How does contracting out affect the flat state pension?
|Retirement | Pension Rules
Asked by savvy3, submitted
26 March 2013.
As I understand it, long serving members of company pension schemes (paying lower contracted out NI contributions) who are just coming up to retirement in April 2016 are likely to gain little if any benefit. Particularly relevant for those currently aged around 60/62 at present.
Younger members will be paying higher NI contributions from April 2016 (except members of public sector schemes who I believe will be exempt) but older people will have paid lower rates of NI over perhaps a long period.
Because of the lower NI contributions having been paid, the new pension will be reduced prorata perhaps even
back down to the existing basic SRP figure. Can you please provide more information on this.
Answered by Justin on 13 August 2013
Let's start with 'contracting-out'. Before 2012 employees could choose to contract out of the State Second Pension (S2P), the successor to the State Earnings Related Pension Scheme (SERPS). In simple terms, S2P (and previously SERPS) allows you to receive a small National Insurance Contribution (NIC) rebate that must be invested in a pension scheme to potentially provide extra pension income when you retire. The alternative being to remain in S2P and enjoy additional state pension on retirement, dependent on how long you worked and your yearly earnings over your working life.
Whether contracting out was worthwhile depended on pension fund investment performance (after charges!). Needless to say, it wasn't a black and white decision - especially since Governments have a habit of moving the goalposts on these things further down the line.
From 2012 only employees in final salary pension schemes may be contracted out of S2P - and in reality most are since the schemes are automatically set up to contract out. This means employees and employers receiving respective NIC rebates of 1.4% and 3.4% (between certain income limits), paid into the pension scheme. Such employees should broadly enjoy resulting pension income at least equivalent to having remained contracted in to S2P, although the associated guarantee was dropped in April 1997.
Contracting out for final salary pension members will cease with the introduction of the flat state pension in April 2016. So, you're right, affected employees and employers will see their NICs rise by 1.4% and 3.4% respectively from April 2016 with nothing to show for it moving forwards - although some will benefit from a higher state pension under the new proposals than they would have received under the current system.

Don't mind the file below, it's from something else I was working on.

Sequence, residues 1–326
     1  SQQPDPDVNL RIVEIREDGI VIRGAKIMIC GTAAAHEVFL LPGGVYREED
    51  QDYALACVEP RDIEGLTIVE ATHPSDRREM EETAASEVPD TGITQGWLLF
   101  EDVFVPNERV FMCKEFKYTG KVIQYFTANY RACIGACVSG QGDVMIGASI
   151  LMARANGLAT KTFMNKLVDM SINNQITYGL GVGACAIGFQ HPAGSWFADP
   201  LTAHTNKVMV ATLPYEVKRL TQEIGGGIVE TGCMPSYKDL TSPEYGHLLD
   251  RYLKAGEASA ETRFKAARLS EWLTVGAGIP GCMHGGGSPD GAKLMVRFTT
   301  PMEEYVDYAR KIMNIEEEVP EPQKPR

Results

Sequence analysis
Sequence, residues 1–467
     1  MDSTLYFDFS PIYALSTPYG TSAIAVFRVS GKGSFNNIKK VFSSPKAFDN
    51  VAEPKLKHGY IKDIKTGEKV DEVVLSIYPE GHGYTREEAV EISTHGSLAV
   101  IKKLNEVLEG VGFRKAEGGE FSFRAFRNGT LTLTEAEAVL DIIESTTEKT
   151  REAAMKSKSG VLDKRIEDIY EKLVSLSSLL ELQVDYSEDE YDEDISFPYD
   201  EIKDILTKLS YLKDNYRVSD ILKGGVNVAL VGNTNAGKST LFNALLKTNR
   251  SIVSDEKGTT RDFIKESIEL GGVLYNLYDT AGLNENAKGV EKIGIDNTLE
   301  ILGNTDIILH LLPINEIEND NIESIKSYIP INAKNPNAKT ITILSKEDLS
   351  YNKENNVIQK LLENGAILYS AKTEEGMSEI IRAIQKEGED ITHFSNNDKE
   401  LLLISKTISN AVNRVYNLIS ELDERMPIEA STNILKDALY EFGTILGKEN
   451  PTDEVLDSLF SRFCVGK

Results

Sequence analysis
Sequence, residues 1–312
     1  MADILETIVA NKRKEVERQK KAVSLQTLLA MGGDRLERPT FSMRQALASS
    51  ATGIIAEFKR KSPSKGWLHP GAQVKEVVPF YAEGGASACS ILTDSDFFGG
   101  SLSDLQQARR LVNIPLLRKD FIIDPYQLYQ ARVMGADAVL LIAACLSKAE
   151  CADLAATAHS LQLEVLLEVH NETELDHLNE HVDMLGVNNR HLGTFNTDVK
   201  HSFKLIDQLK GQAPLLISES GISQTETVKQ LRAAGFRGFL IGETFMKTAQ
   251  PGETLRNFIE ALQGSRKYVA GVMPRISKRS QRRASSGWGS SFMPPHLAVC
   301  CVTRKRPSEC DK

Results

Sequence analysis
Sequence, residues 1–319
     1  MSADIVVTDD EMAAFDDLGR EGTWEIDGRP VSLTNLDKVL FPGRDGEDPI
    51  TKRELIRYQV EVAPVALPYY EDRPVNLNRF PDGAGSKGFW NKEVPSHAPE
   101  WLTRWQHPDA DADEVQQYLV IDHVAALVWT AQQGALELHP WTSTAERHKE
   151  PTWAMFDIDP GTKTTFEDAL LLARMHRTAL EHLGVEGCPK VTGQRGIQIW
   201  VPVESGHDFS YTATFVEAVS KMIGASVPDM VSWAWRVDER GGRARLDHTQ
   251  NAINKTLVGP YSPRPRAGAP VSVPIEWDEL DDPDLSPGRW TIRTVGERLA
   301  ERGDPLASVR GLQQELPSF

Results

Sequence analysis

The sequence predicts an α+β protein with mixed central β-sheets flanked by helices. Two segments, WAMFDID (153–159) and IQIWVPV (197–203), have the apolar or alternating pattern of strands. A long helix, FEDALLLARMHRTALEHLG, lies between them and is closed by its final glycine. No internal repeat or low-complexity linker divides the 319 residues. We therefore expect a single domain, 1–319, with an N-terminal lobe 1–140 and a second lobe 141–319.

Non final salary pension employees who chose to contract out of S2P/SERPS in the past will still benefit from any state pension accumulated above the new flat rate as determined via a 'foundation amount' calculation in April 2016.
Their state pension will be based on this 'foundation amount', being the higher of their entitlement under the current system (including any S2P/SERPS) and the below formula based on the new system:
(pre 2016 qualifying years x £144 / 35) less a 'rebate derived amount' if you contracted out of SERPS/S2P at any point. Note the pre-2016 qualifying years are effectively capped at 35 since you can't receive more than £144.
The rebate derived amount is likely to broadly equal the additional pension you would have received had you not contracted out.
But you're right, employees nearing retirement who have contracted out long term are unlikely to benefit from the introduction of the flat rate state pension. The chances are the rebate derived amount will push the above calculation below their entitlement under the current system (probably just the basic state pension), so they'll end up with around the same as they'd get under the current system. Although for each year they work post April 2016 (until state pension age) they could accumulate an extra 1/35th of the flat rate pension, worth £4.11 a week on current figures.
An interesting side issue to all this is what employers with final salary pension schemes will do when faced with extra 3.4% NICs from 2016. You'd expect them to pass on the cost to employees in some way, but rules mean this might not be straightforward. It's especially pertinent to the public sector, where cash strapped government departments and councils will likely wince at the added cost.
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Comment by savvy3 at 11:36am on 14 Aug 2013:
Thanks Justin.Having been a member of a company pension scheme for about 31 yrs,no longer working and reaching state retirement age in January 2017- guess there may be an option to pay 4 yrs voluntary NI contributions.Will though have to see whether this will be cost effective in due course.